scriptures back, God secures his life through another operative
instrument: The Widow.
Through the work of The Holy Spirit, the believer (as represented by
Elijah) came into a space with no control over anything but just the
audacious promise of God that he/she would not forsaken. He spoke
to this woman (who was in her own brokenness and space of need)
what probably seemed to be ridiculous: trust me a stranger and feed
me with your lack. And something inside of her, an urging, opened
her heart to this man and she did as he asked. We know what that
was. It was the same urging the turned Pharaoh’s heart soft towards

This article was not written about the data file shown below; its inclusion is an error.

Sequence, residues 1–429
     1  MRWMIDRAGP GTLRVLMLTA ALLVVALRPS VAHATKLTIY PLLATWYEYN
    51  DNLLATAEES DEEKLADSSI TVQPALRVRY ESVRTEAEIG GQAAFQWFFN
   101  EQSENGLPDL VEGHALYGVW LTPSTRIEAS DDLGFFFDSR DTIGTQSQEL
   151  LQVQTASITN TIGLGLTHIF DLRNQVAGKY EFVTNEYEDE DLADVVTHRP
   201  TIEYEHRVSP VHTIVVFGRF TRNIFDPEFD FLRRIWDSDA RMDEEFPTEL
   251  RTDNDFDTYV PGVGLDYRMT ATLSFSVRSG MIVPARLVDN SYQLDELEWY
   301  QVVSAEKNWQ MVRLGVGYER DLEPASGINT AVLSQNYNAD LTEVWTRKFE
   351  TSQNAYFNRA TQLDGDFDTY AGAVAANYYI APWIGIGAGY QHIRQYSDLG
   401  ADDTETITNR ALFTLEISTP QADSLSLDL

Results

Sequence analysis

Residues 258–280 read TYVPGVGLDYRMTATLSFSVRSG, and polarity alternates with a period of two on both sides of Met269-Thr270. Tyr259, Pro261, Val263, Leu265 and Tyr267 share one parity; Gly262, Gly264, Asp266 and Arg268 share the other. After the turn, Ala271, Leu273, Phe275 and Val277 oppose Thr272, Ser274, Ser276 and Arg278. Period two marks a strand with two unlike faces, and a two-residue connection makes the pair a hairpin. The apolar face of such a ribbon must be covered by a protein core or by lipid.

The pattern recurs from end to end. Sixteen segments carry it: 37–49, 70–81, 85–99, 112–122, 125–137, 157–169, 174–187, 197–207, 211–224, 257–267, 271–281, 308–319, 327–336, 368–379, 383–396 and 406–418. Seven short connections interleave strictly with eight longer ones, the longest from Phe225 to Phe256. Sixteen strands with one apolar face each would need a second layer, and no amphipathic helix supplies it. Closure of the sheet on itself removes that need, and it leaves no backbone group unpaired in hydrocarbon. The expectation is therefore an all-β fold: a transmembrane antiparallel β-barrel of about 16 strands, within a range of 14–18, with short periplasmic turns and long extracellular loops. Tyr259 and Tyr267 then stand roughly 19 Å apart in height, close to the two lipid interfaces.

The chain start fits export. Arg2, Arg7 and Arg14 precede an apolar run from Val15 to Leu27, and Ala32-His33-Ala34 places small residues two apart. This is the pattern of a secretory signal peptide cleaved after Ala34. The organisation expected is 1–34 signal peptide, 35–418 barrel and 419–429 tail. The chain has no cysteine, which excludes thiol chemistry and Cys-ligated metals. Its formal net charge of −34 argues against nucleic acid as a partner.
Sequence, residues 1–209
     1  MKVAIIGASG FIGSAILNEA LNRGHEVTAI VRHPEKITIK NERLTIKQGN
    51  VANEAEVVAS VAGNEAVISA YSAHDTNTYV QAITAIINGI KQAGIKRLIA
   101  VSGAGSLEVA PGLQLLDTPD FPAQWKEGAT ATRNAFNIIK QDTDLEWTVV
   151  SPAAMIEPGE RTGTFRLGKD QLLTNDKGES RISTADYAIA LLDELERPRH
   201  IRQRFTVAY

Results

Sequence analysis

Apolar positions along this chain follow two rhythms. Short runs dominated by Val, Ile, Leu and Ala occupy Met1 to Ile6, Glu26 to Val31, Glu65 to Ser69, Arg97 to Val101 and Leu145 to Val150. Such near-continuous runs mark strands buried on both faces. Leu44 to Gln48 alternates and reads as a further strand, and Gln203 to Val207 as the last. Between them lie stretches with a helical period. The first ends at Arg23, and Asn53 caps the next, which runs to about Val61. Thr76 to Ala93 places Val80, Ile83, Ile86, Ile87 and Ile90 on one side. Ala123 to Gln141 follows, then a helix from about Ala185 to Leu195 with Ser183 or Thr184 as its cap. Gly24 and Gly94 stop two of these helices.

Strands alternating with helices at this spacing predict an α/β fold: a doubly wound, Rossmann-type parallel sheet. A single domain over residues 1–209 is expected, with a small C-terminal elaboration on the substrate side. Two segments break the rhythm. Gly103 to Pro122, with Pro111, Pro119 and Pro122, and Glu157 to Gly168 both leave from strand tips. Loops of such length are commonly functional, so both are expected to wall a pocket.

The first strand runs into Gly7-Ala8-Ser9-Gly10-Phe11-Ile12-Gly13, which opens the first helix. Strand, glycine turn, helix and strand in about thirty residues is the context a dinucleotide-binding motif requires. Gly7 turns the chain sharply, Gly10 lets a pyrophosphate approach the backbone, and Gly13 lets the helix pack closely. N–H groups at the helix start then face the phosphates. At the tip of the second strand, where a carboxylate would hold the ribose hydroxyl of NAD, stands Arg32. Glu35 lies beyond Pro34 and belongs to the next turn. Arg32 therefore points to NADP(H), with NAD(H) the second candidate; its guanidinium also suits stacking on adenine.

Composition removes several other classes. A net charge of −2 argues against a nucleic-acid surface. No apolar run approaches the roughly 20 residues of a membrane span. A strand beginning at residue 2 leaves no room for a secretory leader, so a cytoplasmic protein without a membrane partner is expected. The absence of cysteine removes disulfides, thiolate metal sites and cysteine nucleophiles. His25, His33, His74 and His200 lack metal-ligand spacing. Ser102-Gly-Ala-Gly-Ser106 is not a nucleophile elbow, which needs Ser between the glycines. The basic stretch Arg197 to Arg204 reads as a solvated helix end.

Moses. God comes in and does what God does, touching the
outside to bless people in His fold. Without our knowing and without
any obvious and grand gesture, God moves strangers into
community and gives sanctuary to those believers — especially in
spaces of crisis.
We see God working this way and here is the life application and
* Elijah trusted God to provide all of his needs, even when it
seemed like God was moving him in a space that was uncomfortable
and in a situation that seemed improbable to work out in his favor.
Have you ever been pushed into a space where you were
uncomfortable and but you know that God was going to be with
you? Where your trust in God had to overcast your fear of
uncertainty? That’s growth muscle. If you are not there, don’t worry,
you can push towards it.
* Elijah moved in obedience to God but PAUSED to allow God to
make a way. Elijah could have entered into the town and got a job,
became a beggar, looked for another Israelite, but he did not. He
listened and did what God said, even if it sounded like it might be